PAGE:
Today’s question came from our January 2022 2-Week Learning Cluster Design Public Practicum, where Kristen, an Instructional Designer, asked the following question:
“I can design social assets; however, what I’m seeing across projects and solutions is they aren’t engaging in social channels. For example, we’ll ask them to give a thumbs up if they found a podcast beneficial or we’ll ask a specific question and ask them to post an answer and we don’t get a single response. How should we handle this part of Surround if we’re finding they hesitate to engage socially?”
First, let’s dive into what we define as Social Learning. In our book Designing for Modern Learning, Lisa M.D Owens and I identify three “learning touchpoints” that outline key places, times, and ways that learning occurs. One of these touchpoints, Social Learning, looks beyond formal, planned approaches and provides learners with a level of interaction with other people. In most face-to-face learning experiences (including virtual) whether we design for it or not, social learning happens inherently.
Once the face-to-face experience ends, most learning professionals check off the proverbial “social learning” box, but modern learning doesn’t stop at the end of an event. In fact, social learning should be occurring before, during, and after a formalized social training event, and more specifically, in the modern learners’ moment of need, which are often unplanned and unintentional. While many of today’s social learning experiences are occurring informally outside of the classroom, in order to ensure truly transformative learning, modern Learning & Development professionals should grow the capability to intentionally build social learning-centered experiences.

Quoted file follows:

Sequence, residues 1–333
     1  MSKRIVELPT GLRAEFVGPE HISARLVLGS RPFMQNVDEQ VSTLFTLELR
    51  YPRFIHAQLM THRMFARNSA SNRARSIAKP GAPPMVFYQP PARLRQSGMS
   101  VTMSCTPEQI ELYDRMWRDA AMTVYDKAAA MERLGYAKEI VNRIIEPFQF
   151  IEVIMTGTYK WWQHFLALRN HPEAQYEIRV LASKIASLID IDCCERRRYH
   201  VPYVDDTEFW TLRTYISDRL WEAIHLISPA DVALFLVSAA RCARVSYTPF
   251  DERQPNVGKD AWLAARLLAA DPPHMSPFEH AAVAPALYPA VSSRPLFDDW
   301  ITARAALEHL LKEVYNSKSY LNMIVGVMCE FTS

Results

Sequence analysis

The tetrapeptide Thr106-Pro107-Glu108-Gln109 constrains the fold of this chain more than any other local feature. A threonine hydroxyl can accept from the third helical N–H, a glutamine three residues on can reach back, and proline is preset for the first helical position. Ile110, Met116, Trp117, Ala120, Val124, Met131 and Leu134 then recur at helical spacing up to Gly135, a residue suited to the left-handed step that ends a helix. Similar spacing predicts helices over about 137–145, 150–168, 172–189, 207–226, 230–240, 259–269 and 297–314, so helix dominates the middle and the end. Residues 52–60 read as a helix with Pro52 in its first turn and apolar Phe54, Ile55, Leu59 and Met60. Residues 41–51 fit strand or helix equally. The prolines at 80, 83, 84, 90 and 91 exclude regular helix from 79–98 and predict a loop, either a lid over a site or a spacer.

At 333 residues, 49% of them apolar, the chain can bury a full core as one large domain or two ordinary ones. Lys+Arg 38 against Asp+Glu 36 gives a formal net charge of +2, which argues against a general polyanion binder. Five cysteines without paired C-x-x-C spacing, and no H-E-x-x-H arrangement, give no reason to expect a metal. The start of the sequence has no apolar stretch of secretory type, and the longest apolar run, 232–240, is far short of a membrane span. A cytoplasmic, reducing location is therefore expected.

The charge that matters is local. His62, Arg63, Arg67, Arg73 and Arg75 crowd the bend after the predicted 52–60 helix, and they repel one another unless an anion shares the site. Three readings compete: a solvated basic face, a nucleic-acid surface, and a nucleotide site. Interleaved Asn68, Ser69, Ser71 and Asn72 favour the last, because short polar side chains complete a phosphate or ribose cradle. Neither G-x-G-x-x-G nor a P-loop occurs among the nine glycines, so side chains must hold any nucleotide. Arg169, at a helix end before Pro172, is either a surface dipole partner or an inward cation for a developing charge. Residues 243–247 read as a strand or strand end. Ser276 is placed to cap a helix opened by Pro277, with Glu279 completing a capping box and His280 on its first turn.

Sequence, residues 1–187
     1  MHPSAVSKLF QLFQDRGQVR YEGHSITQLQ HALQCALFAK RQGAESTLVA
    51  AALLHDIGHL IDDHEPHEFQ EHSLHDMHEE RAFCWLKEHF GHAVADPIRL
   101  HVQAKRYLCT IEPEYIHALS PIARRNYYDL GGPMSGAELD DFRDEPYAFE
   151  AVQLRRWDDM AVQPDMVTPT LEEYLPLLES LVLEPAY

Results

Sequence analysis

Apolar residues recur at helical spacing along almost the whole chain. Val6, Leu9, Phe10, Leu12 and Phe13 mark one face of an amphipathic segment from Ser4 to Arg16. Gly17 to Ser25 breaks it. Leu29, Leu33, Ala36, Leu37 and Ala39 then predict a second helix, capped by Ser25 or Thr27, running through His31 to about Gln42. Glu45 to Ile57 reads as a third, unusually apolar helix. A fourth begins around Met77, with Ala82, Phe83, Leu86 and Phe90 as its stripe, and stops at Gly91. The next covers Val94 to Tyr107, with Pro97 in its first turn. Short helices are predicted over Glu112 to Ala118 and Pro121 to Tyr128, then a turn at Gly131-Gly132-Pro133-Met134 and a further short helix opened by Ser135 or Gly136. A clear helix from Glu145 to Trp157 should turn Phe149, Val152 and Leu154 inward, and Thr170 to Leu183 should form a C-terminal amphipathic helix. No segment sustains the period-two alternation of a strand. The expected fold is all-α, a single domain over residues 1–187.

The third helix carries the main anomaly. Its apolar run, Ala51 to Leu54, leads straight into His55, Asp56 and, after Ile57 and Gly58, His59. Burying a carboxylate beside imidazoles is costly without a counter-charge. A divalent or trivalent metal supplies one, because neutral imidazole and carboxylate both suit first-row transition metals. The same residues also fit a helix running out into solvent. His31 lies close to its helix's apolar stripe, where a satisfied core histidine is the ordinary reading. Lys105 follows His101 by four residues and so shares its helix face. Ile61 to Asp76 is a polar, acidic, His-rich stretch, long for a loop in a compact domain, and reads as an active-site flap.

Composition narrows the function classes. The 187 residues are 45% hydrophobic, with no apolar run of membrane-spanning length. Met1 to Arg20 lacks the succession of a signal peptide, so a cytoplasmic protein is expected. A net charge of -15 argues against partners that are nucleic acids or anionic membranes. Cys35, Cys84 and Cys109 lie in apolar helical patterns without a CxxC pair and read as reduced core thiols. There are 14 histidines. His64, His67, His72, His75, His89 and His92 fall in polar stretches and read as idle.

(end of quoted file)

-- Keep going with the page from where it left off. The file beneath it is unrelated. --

If you are wondering why your social channels aren’t working, here are a few questions to ask yourself to get to the root cause of why.
- How is social learning perceived by the learners? In many cases when social learning isn’t working, it’s because it’s perceived by the learner as a benefit to the L&D department, not to the learners themselves. To take your learners somewhere “new,” you have to have a very clear and compelling WIIFM (What’s In It For Me) that resonates and makes them want to participate in your social learning channels.
- Where are my learners already? If you are implementing a brand new social learning tool, there is a high level of change management that would need to occur in order to see widespread adoption and success. Rather than adopting a new tool, take a look at where your learners are already, and see what layer of social learning you can add to what is existing.
- Where does social learning have the biggest benefit? When you take a 30,000 foot look at your Strategic Performance Objective (SPO) and your learner personas, it’s important to identify where social learning fits into your strategy. Rather than using the all-for-one approach, create a social learning asset specific to those who would benefit most from it, and who both need and want it. You will see much higher adoption rates when your social learning asset is designed using one of the Nine Modern Learning Elements – “For Me”.
- Am I creating social learning for the sake of social learning? Unless you have a real clear reason where learning from each other is a benefit, and to do that in a public, asynchronous way like a social channel, your social learning asset will just sit on a shelf. Going back to understanding our learner personas and when they actually have time to learn in the flow of work, it’s important to keep in mind that there are so many things tugging on people’s time in the workplace, and unless it’s necessary for their success, it’s hard to get people to do something that is optional.
The biggest thing to keep in mind is that building a social learning culture takes time and can often be a slow build. Give yourself permission to have your social learning asset be an option, and see who comes to use it. While it isn’t something you need to necessarily track, you never know what hidden persona comes out of the woodwork who needs and wants this type of learning asset.
Here’s a recap:
Where are you struggling with social learning? We’d love to continue the conversation and offer guidance from our experience. Join the conversation on LinkedIn.